## File: Nonlinear-Least_002dSquares-Overview.html

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 123456789101112131415161718192021222324252627282930313233343536373839404142434445464748495051525354555657585960616263646566676869707172737475767778798081828384858687888990919293949596979899100101102103104105106107108109110111112113114115116117118119120121122123124125126127128129130131132133134135136137138139140141142143144145146147148149150151152153154155156157158159160161162163164165166167168169170171172173174175176177178179180181182183184185186  GNU Scientific Library – Reference Manual: Nonlinear Least-Squares Overview

39.1 Overview

The problem of multidimensional nonlinear least-squares fitting requires the minimization of the squared residuals of n functions, f_i, in p parameters, x_i,

\Phi(x) = (1/2) || f(x) ||^2         = (1/2) \sum_{i=1}^{n} f_i(x_1, ..., x_p)^2

In trust region methods, the objective (or cost) function \Phi(x) is approximated by a model function m_k(\delta) in the vicinity of some point x_k. The model function is often simply a second order Taylor series expansion around the point x_k, ie:

\Phi(x_k + \delta) ~=~ m_k(\delta) = \Phi(x_k) + g_k^T \delta + 1/2 \delta^T B_k \delta

where g_k = \nabla \Phi(x_k) = J^T f is the gradient vector at the point x_k, B_k = \nabla^2 \Phi(x_k) is the Hessian matrix at x_k, or some approximation to it, and J is the n-by-p Jacobian matrix J_{ij} = d f_i / d x_j. In order to find the next step \delta, we minimize the model function m_k(\delta), but search for solutions only within a region where we trust that m_k(\delta) is a good approximation to the objective function \Phi(x_k + \delta). In other words, we seek a solution of the trust region subproblem (TRS)

\min_(\delta \in R^p) m_k(\delta), s.t. || D_k \delta || <= \Delta_k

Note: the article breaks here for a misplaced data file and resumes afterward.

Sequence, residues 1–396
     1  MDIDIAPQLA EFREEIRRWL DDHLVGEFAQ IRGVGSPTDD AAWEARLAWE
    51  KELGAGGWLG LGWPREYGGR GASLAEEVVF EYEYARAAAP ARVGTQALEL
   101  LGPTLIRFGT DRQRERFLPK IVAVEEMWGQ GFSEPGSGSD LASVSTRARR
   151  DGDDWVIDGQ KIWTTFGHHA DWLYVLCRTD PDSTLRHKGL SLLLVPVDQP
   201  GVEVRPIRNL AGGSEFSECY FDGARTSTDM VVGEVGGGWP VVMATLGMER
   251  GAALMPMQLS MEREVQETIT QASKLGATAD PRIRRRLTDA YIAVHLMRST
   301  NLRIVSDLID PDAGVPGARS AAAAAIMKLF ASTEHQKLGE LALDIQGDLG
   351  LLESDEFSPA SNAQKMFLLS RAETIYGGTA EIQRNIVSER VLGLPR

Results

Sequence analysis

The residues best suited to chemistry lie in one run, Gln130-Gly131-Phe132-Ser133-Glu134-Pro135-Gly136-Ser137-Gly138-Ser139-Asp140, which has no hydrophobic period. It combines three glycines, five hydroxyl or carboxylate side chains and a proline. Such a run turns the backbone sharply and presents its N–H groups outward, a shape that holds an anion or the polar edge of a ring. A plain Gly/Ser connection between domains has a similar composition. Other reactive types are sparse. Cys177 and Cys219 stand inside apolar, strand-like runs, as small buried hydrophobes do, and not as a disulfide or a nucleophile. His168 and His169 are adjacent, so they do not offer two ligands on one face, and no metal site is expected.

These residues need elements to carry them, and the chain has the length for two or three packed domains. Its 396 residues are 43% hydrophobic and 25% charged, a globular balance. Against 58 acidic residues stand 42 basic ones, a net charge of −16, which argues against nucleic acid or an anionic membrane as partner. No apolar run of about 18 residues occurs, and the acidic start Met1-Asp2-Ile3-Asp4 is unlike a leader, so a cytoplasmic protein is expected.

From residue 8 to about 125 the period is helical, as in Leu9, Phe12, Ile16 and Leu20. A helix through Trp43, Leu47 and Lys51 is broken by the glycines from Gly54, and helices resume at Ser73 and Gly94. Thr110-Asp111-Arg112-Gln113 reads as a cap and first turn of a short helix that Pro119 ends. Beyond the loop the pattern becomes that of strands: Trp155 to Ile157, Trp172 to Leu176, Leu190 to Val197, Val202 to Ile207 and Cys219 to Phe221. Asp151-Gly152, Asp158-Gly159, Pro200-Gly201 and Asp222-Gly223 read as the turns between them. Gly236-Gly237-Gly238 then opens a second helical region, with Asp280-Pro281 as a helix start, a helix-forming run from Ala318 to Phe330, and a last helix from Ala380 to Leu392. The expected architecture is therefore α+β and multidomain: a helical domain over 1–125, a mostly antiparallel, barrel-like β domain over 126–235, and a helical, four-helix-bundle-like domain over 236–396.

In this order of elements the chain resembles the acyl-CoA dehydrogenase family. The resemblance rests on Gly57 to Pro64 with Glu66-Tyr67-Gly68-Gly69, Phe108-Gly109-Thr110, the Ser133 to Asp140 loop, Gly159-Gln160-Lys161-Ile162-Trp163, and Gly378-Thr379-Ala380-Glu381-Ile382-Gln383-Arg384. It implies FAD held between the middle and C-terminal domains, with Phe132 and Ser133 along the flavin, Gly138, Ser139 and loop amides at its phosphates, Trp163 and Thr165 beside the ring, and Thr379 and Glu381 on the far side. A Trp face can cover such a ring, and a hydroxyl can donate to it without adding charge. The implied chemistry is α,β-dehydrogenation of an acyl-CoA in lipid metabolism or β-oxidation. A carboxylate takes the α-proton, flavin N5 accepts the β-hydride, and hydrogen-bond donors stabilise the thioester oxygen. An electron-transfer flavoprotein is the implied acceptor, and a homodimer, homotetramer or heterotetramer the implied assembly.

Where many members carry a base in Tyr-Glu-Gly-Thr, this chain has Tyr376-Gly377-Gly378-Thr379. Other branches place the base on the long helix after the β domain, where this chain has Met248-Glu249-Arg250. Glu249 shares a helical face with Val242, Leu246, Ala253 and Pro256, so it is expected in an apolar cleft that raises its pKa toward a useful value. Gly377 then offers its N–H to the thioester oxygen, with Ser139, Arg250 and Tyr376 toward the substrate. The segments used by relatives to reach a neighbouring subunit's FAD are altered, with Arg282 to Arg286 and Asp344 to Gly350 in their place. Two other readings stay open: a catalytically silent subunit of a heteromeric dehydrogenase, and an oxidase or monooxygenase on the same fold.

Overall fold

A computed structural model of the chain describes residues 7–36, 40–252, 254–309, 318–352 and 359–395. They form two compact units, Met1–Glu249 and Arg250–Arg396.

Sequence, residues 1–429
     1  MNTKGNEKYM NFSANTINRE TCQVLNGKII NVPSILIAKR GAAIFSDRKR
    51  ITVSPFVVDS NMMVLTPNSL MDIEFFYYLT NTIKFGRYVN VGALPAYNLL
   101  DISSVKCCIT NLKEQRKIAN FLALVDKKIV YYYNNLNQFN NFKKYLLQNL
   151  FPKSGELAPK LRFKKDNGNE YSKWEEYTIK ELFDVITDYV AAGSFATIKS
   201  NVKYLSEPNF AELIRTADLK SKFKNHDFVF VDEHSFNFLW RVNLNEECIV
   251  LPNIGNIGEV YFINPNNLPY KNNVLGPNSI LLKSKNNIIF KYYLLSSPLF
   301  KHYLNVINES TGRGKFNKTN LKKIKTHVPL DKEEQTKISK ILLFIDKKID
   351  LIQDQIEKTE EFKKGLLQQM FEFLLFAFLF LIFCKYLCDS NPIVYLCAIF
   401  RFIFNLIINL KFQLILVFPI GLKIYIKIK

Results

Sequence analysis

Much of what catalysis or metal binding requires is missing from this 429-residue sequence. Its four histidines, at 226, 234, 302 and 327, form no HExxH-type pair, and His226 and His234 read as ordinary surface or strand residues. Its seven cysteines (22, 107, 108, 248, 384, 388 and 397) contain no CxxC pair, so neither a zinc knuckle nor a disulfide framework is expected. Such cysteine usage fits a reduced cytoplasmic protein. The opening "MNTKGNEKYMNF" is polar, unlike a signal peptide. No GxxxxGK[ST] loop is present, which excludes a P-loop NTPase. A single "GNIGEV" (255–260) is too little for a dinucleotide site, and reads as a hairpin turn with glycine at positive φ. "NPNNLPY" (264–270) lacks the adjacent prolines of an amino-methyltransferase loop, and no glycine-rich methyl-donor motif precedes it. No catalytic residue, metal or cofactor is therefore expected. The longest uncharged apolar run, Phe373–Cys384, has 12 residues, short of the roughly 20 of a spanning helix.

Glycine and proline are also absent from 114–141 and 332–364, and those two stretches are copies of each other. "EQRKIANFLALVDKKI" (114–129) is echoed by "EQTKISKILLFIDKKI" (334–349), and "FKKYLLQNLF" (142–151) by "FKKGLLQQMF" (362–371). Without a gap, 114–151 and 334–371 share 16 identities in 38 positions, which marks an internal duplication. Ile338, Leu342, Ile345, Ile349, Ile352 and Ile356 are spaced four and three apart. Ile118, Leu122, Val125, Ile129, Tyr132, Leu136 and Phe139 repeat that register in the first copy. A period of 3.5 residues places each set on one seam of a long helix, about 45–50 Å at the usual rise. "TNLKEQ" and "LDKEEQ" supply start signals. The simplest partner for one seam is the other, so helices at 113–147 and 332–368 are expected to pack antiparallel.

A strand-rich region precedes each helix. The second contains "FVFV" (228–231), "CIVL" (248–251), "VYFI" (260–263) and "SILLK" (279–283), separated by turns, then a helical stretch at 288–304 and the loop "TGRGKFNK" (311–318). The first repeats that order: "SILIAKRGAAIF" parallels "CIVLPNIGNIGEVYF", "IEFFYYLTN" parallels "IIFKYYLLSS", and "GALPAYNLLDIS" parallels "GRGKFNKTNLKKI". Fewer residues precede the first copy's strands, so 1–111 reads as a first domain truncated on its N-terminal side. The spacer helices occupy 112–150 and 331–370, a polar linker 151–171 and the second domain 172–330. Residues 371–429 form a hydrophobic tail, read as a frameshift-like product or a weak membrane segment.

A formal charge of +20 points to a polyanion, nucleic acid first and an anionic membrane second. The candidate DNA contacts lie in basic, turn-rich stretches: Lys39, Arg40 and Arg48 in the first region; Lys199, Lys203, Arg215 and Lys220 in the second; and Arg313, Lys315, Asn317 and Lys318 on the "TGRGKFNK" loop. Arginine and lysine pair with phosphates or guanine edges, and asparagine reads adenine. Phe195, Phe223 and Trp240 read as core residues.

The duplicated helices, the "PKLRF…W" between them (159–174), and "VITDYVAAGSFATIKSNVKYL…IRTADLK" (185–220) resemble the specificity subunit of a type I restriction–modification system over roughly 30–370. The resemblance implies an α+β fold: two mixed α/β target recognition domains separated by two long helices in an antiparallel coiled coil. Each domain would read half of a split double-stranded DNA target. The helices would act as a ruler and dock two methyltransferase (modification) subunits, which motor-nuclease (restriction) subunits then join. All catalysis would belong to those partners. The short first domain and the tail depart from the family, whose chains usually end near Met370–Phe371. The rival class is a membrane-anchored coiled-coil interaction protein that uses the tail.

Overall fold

where \Delta_k > 0 is the trust region radius and D_k is a scaling matrix. If D_k = I, then the trust region is a ball of radius \Delta_k centered at x_k. In some applications, the parameter vector x may have widely different scales. For example, one parameter might be a temperature on the order of 10^3 K, while another might be a length on the order of 10^{-6} m. In such cases, a spherical trust region may not be the best choice, since if \Phi changes rapidly along directions with one scale, and more slowly along directions with a different scale, the model function m_k may be a poor approximation to \Phi along the rapidly changing directions. In such problems, it may be best to use an elliptical trust region, by setting D_k to a diagonal matrix whose entries are designed so that the scaled step D_k \delta has entries of approximately the same order of magnitude.

The trust region subproblem above normally amounts to solving a linear least squares system (or multiple systems) for the step \delta. Once \delta is computed, it is checked whether or not it reduces the objective function \Phi(x). A useful statistic for this is to look at the ratio

\rho_k = ( \Phi(x_k) - \Phi(x_k + \delta_k) / ( m_k(0) - m_k(\delta_k) )

where the numerator is the actual reduction of the objective function due to the step \delta_k, and the denominator is the predicted reduction due to the model m_k. If \rho_k is negative, it means that the step \delta_k increased the objective function and so it is rejected. If \rho_k is positive, then we have found a step which reduced the objective function and it is accepted. Furthermore, if \rho_k is close to 1, then this indicates that the model function is a good approximation to the objective function in the trust region, and so on the next iteration the trust region is enlarged in order to take more ambitious steps. When a step is rejected, the trust region is made smaller and the TRS is solved again. An outline for the general trust region method used by GSL can now be given.

Trust Region Algorithm

1. Initialize: given x_0, construct m_0(\delta), D_0 and \Delta_0 > 0
2. For k = 0, 1, 2, ...
1. If converged, then stop
2. Solve TRS for trial step \delta_k
3. Evaluate trial step by computing \rho_k
1. if step is accepted, set x_{k+1} = x_k + \delta_k and increase radius, \Delta_{k+1} = \alpha \Delta_k
2. if step is rejected, set x_{k+1} = x_k and decrease radius, \Delta_{k+1} = {\Delta_k \over \beta}; goto 2(b)
4. Construct m_{k+1}(\delta) and D_{k+1}

GSL offers the user a number of different algorithms for solving the trust region subproblem in 2(b), as well as different choices of scaling matrices D_k and different methods of updating the trust region radius \Delta_k. Therefore, while reasonable default methods are provided, the user has a lot of control to fine-tune the various steps of the algorithm for their specific problem.